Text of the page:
Pollution a giant killer, and not just in the air. Watch out for toxins in water, soil too
Pollutants seeping into air, water and soil caused more than one in every seven deaths worldwide in 2015.columns Updated: Oct 22, 2017 08:22 IST
Air, water, chemical and soil pollution cause 9 million deaths a year globally — making it a bigger killer than obesity (4 million), alcohol (2.3 million) and road accidents (1.4 million) combined, reported The Lancet Commission on Pollution and Health, on Friday.
In India alone, pollution kills 2.5 million people each year, air toxins in indoor and outdoor air causing 1.81 million of the deaths, the Commission reported.
While rising air pollution levels in rapidly growing cities like Delhi and Beijing routinely grab headlines, what’s less discussed is that 98% of urban areas with a population of more than 100,000 in developing countries do not meet the World Health Organisation’s limit for particulate matter (PM) pollution of 10 ug/m3 of ambient air. That puts the health of almost everyone in urban India at risk from poor air quality.
How exactly does pollution kill you? Pollution has seeped into the environment at all levels, contaminating air, water and soil from toxins produced by industry, mining, electricity generation, mechanised agriculture, vehicular emissions and pesticide use, among others.
In 2015, more than one in seven deaths worldwide were caused by pollution, which caused 21% of all deaths from heart disease, 23% of deaths from stroke, 51% of deaths from chronic obstructive pulmonary disease, and 43% of lung cancer deaths.
Cities are the worst affected as they are home to 55% of the world’s population and account for 85% of its economic activity, which pushes up population density, energy use, construction, traffic and garbage generated, all of which add to exposure.
This means you
Half of India’s population lives in critically polluted areas that have noxious levels of nitrogen dioxide, sulphur dioxide and lung-clogging PM smaller than 2.5 if/m3. Apart from triggering asthma, wheezing and allergies, air pollution causes lung diseases, heart disease, stroke and cancers.
Air pollution also raises infections risk. Inhaled sulfuric acid paralyses the lungs’ mucociliary clearance system that, in a healthy person, traps particulates and pathogens (bacteria, viruses, fungi) and moves them towards the mouth, where they are coughed out or swallowed to lower infection.
Since children breathe faster than adults per unit of body weight and are more physically active, they inhale contaminants in higher amounts. Children are also more likely to breathe through their mouths, which raises the amount of pollutants they inhale because particulates bypass preliminary filtration in the nasal passages.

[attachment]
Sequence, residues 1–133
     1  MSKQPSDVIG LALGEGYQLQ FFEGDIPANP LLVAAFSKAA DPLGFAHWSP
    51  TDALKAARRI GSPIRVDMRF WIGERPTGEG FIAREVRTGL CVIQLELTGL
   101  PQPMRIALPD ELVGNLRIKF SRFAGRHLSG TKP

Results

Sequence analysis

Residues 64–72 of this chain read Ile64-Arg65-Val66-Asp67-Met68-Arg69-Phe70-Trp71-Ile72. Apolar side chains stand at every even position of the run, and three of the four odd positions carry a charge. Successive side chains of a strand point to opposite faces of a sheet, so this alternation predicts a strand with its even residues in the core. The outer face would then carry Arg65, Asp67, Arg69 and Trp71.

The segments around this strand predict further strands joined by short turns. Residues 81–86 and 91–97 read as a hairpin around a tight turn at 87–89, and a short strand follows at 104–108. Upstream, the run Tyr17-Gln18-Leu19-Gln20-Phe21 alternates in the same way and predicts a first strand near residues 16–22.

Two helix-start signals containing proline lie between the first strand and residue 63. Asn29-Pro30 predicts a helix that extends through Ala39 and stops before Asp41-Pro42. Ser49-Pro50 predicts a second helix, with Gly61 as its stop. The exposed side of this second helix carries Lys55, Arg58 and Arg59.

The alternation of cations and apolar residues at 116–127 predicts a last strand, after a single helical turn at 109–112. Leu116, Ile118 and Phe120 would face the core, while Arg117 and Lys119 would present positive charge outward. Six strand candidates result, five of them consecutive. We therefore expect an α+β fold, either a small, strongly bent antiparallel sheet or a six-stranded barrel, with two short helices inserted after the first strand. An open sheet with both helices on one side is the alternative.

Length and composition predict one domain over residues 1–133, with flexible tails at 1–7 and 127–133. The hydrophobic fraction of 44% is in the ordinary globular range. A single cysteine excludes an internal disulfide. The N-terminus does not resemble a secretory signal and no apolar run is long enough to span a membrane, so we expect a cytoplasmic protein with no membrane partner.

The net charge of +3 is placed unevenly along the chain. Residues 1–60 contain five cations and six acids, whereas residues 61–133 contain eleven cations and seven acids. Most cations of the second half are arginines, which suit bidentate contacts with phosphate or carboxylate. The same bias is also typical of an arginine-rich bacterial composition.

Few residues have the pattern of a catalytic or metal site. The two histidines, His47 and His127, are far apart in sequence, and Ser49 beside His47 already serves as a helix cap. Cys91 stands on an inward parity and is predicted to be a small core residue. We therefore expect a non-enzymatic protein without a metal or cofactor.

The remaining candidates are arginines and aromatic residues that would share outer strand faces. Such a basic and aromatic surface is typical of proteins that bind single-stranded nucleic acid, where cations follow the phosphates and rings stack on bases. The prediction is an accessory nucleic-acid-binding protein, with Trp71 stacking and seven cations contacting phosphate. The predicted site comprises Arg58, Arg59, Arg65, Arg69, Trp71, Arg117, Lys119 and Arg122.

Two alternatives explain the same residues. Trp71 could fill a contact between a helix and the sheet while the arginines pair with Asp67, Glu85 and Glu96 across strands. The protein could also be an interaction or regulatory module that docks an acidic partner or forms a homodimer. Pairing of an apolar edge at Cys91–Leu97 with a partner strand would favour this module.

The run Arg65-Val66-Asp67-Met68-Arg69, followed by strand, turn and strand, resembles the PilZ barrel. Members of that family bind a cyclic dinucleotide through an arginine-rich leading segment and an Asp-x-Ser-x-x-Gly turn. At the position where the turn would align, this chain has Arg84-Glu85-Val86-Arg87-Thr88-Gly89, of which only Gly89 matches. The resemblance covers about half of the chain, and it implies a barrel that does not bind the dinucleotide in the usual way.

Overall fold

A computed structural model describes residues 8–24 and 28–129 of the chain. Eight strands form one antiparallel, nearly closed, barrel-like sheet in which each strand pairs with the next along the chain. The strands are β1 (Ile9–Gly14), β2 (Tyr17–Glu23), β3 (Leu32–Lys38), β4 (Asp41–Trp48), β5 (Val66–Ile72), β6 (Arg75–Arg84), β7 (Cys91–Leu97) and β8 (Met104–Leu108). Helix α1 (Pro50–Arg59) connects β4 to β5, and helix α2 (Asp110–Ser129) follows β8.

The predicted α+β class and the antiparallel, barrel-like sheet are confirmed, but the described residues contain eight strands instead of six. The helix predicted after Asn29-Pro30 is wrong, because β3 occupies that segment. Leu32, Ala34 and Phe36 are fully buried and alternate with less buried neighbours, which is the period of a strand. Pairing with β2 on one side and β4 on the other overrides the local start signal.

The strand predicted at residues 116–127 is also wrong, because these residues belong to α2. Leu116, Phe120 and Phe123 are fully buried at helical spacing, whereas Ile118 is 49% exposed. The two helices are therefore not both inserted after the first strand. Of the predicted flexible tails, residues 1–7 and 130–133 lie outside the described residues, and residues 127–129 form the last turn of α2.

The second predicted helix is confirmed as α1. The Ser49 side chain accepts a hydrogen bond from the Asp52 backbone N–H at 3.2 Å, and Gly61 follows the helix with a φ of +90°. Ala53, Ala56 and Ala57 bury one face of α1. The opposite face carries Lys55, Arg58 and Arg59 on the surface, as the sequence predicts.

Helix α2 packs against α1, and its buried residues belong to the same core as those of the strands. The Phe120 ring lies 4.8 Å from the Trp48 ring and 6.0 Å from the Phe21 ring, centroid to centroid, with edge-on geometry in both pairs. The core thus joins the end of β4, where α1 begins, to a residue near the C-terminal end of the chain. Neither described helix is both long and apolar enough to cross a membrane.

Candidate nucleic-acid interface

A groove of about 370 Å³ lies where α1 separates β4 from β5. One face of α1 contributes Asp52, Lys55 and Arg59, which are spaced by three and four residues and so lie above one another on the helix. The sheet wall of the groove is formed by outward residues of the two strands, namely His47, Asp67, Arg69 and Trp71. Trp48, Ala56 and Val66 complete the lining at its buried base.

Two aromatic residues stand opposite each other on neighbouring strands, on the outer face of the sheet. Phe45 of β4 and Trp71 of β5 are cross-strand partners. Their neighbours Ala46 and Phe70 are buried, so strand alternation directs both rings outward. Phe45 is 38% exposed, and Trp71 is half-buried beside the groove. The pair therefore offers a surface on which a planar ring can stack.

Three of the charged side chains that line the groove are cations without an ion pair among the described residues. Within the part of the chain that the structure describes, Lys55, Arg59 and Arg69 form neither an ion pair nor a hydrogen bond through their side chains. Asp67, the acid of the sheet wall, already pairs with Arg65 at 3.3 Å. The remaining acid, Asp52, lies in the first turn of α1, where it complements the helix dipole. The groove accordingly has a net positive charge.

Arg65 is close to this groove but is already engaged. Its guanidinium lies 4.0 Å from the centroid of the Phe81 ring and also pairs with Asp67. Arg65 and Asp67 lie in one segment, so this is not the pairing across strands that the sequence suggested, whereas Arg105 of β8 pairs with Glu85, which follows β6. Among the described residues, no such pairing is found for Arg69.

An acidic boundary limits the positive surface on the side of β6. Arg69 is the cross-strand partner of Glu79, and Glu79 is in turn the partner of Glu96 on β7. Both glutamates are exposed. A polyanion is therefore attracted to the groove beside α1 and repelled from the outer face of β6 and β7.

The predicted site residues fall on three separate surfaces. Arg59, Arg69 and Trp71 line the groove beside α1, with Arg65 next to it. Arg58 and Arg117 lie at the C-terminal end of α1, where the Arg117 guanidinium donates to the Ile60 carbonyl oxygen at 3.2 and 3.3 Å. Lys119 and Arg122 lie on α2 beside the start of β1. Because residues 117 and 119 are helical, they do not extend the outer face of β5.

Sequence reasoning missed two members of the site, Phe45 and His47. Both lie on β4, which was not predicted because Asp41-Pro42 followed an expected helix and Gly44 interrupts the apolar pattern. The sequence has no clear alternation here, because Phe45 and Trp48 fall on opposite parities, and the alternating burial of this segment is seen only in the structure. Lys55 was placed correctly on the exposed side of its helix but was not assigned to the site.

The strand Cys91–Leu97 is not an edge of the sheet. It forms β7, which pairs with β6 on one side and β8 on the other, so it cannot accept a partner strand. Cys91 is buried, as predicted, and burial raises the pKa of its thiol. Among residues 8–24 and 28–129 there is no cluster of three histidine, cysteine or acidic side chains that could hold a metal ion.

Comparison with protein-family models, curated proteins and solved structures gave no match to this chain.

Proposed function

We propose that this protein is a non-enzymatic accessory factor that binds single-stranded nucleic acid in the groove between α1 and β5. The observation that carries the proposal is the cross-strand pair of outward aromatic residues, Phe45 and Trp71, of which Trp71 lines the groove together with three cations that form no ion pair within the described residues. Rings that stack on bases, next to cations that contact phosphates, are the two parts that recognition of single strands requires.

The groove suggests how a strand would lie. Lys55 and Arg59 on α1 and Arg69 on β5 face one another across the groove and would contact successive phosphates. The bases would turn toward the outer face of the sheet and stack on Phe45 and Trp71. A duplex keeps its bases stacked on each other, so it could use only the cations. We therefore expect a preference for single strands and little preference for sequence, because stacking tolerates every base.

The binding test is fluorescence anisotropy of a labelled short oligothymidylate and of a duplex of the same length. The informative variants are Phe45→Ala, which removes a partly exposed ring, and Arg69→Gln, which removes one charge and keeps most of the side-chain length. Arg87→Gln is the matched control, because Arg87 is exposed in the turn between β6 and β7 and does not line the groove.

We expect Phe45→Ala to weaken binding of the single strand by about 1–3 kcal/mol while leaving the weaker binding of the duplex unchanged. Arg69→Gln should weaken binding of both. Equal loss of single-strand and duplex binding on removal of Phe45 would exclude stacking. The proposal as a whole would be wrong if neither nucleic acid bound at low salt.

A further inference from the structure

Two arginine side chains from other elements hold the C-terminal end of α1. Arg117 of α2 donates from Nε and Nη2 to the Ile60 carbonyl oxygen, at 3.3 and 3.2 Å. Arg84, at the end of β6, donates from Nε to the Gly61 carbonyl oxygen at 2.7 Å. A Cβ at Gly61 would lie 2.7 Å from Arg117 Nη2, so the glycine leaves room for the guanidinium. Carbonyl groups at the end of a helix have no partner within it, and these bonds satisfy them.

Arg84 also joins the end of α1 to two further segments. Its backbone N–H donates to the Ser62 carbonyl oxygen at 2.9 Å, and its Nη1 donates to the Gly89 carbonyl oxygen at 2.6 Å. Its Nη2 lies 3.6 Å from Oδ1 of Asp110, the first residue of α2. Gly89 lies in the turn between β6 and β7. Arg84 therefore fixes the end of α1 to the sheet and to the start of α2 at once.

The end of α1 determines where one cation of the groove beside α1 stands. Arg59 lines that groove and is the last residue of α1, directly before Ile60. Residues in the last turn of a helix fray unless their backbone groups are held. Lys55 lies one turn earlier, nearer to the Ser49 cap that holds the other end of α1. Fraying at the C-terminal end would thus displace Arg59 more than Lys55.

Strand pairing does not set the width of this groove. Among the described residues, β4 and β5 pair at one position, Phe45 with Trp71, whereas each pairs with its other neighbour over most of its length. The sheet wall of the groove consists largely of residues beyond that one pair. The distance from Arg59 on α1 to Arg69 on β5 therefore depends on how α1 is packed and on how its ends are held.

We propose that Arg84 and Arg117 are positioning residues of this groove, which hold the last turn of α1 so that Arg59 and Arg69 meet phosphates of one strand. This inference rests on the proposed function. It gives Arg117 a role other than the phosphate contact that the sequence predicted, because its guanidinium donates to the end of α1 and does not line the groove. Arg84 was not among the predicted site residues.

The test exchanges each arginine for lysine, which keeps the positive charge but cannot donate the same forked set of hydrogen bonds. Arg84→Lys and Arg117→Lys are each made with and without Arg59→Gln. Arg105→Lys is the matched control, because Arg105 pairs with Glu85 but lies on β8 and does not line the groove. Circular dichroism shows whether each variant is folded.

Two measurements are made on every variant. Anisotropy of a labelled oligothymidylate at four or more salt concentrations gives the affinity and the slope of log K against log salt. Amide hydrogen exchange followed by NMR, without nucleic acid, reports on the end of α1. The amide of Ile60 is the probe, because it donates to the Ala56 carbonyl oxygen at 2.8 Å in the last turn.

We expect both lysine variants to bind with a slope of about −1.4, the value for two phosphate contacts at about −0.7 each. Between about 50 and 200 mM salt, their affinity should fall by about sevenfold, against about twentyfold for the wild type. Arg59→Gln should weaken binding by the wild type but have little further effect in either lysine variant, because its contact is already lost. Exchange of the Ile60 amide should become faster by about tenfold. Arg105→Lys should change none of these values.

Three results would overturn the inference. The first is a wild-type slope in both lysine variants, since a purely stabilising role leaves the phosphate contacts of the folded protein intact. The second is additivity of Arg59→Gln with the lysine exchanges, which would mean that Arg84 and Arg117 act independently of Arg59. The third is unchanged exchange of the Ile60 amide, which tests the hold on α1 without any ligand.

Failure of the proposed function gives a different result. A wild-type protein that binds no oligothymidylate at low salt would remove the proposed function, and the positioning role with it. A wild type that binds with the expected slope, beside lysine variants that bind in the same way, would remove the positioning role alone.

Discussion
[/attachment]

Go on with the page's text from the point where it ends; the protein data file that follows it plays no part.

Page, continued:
Chemical pollution is a rapidly growing problem, with its effect on human health both poorly defined and underestimated.
In India, the deaths of 32 farmers from pesticide poisoning in Yavatmal and adjoining districts of Maharashtra have made headlines over the past few months.
More than 140,000 new chemicals and pesticides have been synthesised since 1950, of which the 5,000 produced the most are widely dispersed in the environment. Less than half of them have been tested for safety and toxicity, which leads to environment degradation, disease and deaths.
While the world struggles to lower use of chemicals and pesticides like lead, asbestos, DDT, PCBs and ozone-destroying CFCs, newer synthetic chemicals such as synthetic herbicides, pharmaceutical waste and nano particles, among others, are entering the market with little pre-market evaluation, contaminating air, soil and groundwater with heavy metals and chemicals.
One of the chemical contaminants extensively studied is lead, which is found in batteries, some paint, leaded fuel, solder, waste incinerators and smelters. Lead toxicity causes hypertension, kidney failure, heart disease, stroke and neuro-development problems and cognitive impairment in children.
Toxins such as lead and other heavy metals, chemicals and electronic waste contaminate soil, air and groundwater, with risk rising in developing countries that have become dumping grounds for electronic and chemical waste.
Some of the better known occupational diseases from sustained exposure to toxins are bladder cancer among dye workers, coal-workers pneumoconiosis, silicosis in stone cutters and construction workers, leukaemia and lymphomas in people exposed to benzene, and asbestosis, lung cancer and other malignancies in workers exposed to asbestos.
Regulation has helped prevent occupational exposure in developed countries, and India needs to do the same to lower work-related risks to health, especially in small-scale businesses in the informal sector that offer no protective gear or health insurance cover to the millions who might literally be working themselves to death.